With the exception of appreciation days, the course is seldom crowded. Lots of guests describe playing 18 holes with only the slightest awareness that other groups were on the course. Yet dawdling is frowned on, and it’s the rare group that stops in for a meal or a snack after playing the front nine.
Reaching Amen Corner is a thrill for most. Bob Greig, a California CPA, found it “a little overwhelming” when coming down the 11th fairway and spotting the par-3 12th in the distance. “It stops you in your tracks,” he says. “You’ve seen it for decades on television and, Oh my gosh, there it is. I just stood there for a moment and tried to take it all in.”
It’s a popular spot for snapping pictures, though some Augusta National guests feel a little funny about taking photos at Amen Corner and elsewhere, fearing they will upset their hosts. Members and guests are prohibited from posting their pictures online or in publications. Jack Nicklaus’ PR rep once got a call from the club telling him of the rule after a picture of Nicklaus’ guest foursome appeared in this magazine. One recent guest says a caddie in his group very discreetly took some photos and, to his surprise, they arrived by email a few days later.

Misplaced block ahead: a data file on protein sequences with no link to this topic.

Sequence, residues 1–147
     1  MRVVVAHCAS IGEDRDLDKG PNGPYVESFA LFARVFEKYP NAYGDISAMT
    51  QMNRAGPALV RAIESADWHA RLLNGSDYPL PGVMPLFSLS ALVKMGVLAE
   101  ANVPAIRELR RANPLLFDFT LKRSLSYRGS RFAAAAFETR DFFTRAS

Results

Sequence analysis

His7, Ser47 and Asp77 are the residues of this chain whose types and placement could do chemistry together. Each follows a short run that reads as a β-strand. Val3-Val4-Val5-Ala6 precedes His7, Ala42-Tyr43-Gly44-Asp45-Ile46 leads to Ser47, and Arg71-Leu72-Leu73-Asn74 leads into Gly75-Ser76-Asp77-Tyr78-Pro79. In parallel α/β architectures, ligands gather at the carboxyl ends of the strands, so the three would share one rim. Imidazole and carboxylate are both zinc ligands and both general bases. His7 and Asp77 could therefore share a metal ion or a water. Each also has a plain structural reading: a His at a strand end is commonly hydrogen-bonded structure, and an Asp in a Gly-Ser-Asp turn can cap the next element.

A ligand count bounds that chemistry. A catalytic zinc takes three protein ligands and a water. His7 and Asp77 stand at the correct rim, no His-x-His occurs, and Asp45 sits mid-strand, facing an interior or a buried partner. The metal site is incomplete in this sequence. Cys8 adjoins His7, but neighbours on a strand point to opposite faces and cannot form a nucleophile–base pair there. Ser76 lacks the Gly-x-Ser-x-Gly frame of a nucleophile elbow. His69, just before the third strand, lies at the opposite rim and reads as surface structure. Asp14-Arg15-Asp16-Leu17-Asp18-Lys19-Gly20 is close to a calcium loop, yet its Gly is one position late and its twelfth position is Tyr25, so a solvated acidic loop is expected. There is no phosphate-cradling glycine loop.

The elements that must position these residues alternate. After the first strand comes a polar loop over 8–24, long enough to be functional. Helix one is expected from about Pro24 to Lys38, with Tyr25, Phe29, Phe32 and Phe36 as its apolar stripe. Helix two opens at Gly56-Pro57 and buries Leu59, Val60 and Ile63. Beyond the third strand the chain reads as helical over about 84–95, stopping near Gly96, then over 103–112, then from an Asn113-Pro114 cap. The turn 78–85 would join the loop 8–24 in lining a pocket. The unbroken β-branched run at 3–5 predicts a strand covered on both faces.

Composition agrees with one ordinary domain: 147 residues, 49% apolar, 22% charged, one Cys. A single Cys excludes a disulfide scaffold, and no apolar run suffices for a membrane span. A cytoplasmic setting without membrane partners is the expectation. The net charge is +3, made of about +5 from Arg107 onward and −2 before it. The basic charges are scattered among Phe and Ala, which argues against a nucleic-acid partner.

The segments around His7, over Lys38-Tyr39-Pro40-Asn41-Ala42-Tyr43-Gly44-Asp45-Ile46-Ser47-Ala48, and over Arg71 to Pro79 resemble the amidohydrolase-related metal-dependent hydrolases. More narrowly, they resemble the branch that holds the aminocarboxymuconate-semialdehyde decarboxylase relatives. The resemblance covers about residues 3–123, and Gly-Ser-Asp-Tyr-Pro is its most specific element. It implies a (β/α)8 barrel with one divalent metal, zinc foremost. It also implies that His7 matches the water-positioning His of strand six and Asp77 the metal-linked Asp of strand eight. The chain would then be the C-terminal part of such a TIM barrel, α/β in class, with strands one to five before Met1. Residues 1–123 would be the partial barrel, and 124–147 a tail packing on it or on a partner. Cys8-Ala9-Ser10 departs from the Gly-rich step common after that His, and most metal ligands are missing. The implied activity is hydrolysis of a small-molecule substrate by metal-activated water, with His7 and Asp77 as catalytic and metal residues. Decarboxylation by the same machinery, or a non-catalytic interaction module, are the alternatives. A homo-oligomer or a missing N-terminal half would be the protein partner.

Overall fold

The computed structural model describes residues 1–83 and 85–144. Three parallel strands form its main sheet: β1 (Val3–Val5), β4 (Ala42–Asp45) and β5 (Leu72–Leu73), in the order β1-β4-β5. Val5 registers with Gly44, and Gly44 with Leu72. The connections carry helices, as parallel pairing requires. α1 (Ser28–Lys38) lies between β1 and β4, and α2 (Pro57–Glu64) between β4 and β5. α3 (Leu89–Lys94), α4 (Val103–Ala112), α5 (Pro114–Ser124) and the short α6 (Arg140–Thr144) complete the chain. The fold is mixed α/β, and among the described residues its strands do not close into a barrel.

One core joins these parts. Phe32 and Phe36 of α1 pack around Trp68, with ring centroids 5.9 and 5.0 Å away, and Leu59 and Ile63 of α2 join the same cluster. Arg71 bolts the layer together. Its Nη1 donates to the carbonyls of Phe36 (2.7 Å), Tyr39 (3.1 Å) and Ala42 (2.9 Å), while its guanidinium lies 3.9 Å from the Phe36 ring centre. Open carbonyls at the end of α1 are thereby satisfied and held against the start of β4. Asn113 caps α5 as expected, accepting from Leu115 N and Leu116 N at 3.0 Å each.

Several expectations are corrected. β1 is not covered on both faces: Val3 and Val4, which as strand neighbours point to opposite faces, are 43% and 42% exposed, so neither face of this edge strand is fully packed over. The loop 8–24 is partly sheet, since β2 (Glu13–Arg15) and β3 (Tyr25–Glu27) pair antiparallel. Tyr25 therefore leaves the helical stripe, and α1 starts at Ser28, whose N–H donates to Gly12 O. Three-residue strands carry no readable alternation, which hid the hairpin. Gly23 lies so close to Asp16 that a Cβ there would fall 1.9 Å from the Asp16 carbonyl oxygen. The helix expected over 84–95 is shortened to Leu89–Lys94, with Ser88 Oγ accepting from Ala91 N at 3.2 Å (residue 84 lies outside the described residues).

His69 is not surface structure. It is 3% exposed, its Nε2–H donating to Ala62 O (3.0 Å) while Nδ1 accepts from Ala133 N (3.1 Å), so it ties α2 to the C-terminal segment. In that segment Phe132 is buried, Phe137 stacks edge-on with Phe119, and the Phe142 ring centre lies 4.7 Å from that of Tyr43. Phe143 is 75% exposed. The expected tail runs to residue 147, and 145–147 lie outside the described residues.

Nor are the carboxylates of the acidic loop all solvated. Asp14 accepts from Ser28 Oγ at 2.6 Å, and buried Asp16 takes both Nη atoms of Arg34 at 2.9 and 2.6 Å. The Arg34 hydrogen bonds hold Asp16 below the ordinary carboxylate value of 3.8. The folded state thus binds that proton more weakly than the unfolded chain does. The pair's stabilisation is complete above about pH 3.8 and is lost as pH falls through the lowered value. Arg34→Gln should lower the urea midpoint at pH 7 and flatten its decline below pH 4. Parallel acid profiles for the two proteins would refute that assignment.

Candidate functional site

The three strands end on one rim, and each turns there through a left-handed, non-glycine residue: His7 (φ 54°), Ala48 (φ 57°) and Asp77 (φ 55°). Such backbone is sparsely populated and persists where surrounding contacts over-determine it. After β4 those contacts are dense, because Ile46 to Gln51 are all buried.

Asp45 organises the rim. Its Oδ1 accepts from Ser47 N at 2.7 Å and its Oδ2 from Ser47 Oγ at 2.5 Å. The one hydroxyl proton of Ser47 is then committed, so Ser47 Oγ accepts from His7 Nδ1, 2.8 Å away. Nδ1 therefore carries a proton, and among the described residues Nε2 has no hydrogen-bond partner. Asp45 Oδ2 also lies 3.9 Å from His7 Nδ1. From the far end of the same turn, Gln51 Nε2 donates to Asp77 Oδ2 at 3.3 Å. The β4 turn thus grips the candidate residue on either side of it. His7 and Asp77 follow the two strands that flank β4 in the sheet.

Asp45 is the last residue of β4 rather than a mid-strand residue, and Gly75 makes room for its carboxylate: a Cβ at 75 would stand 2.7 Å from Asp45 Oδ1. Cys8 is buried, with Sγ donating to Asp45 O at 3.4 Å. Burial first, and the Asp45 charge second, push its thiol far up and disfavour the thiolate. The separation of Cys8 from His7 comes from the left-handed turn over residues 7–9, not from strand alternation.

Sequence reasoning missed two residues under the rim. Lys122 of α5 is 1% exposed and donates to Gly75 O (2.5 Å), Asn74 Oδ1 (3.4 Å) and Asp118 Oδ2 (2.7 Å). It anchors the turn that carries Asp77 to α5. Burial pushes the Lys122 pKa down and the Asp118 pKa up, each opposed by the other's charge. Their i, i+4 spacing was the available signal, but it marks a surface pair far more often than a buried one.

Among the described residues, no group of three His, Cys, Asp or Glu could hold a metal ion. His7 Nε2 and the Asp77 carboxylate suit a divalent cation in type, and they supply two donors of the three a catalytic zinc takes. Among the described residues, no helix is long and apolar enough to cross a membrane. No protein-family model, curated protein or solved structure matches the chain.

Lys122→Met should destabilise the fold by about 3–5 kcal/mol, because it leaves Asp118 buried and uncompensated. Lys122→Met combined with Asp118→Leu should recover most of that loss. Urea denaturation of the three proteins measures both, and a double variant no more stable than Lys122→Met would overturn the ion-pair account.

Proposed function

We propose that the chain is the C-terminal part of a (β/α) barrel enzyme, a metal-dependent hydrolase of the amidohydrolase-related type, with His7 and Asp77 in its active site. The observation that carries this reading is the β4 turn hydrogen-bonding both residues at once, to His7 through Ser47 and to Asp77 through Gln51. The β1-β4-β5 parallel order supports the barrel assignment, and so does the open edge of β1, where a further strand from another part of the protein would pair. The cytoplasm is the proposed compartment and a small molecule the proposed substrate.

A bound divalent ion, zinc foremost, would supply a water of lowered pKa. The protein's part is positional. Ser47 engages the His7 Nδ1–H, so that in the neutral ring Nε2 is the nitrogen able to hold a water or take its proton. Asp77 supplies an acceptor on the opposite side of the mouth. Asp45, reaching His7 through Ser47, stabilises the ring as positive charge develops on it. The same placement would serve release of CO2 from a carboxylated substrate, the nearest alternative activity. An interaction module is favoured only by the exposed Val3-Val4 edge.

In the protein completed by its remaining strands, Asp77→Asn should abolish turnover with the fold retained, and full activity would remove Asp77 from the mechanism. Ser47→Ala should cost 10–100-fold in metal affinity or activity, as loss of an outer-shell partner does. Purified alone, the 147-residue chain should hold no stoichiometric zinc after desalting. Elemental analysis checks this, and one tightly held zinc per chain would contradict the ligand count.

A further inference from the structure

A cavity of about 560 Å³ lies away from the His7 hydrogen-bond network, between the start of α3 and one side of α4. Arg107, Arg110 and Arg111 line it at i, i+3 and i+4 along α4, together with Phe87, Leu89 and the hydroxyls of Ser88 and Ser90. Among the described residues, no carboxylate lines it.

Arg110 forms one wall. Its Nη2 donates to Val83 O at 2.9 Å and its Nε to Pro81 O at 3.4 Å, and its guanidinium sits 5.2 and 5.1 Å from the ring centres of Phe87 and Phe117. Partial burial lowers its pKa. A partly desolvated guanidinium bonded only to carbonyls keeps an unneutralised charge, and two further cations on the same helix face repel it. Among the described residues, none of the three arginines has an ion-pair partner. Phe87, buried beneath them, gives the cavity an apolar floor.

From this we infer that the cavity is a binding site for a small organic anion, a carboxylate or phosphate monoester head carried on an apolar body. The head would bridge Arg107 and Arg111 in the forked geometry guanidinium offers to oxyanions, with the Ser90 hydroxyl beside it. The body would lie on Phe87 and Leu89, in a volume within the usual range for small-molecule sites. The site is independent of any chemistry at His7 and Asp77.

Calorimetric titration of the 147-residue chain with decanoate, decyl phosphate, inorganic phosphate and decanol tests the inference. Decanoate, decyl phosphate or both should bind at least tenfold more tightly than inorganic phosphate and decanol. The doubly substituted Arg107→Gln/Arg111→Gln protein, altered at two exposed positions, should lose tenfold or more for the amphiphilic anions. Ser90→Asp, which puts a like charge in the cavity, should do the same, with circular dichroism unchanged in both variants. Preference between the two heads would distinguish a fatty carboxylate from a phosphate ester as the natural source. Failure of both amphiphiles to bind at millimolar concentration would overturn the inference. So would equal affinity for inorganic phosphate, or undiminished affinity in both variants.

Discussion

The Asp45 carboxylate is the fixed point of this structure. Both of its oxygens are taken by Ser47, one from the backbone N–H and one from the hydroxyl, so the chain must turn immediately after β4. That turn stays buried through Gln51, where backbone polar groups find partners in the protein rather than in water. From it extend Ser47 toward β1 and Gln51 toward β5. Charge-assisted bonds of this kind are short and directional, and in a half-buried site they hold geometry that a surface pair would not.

That’s not the only secret move caddies make. Wuthrich was walking up to the eighth tee when his caddie said, “You need to start playing golf.” He laughed it off. “Well, I come to realize the caddies are betting on us,” Wuthrich says. “How far you’d hit it, closest to the pin, the longest putt. They’re betting on everything!”
Trey Coleman, the banker who worked as a weekend looper for a season and a half, confirms that “certain caddies” liked to place prop bets when he was there. But it wasn’t everyone, and it wasn’t constant. “There was more gambling in the caddie shack,” he says. “I used to join them because I loved pitching quarters and playing cards.”
Most of all, he loved golf. Getting to play on caddie day in 1997, not long before moving west to continue his career in Silicon Valley, was everything he hoped it would be. “I came to the club that day with a mission,” he says. “I wanted to play all day long. I brought my own lunch and literally just went nonstop.”
Coleman finally picked up his ball as security guards came out onto the course to shepherd him in. “Son, you were supposed to be gone 20 minutes ago,” one of them said.
“My final memory was riding the 15th fairway in a cart,” Coleman says. “The sun was setting, and some of the caddies who didn’t play golf were at the pond, fishing for grass carp. It was a magical, magical day.”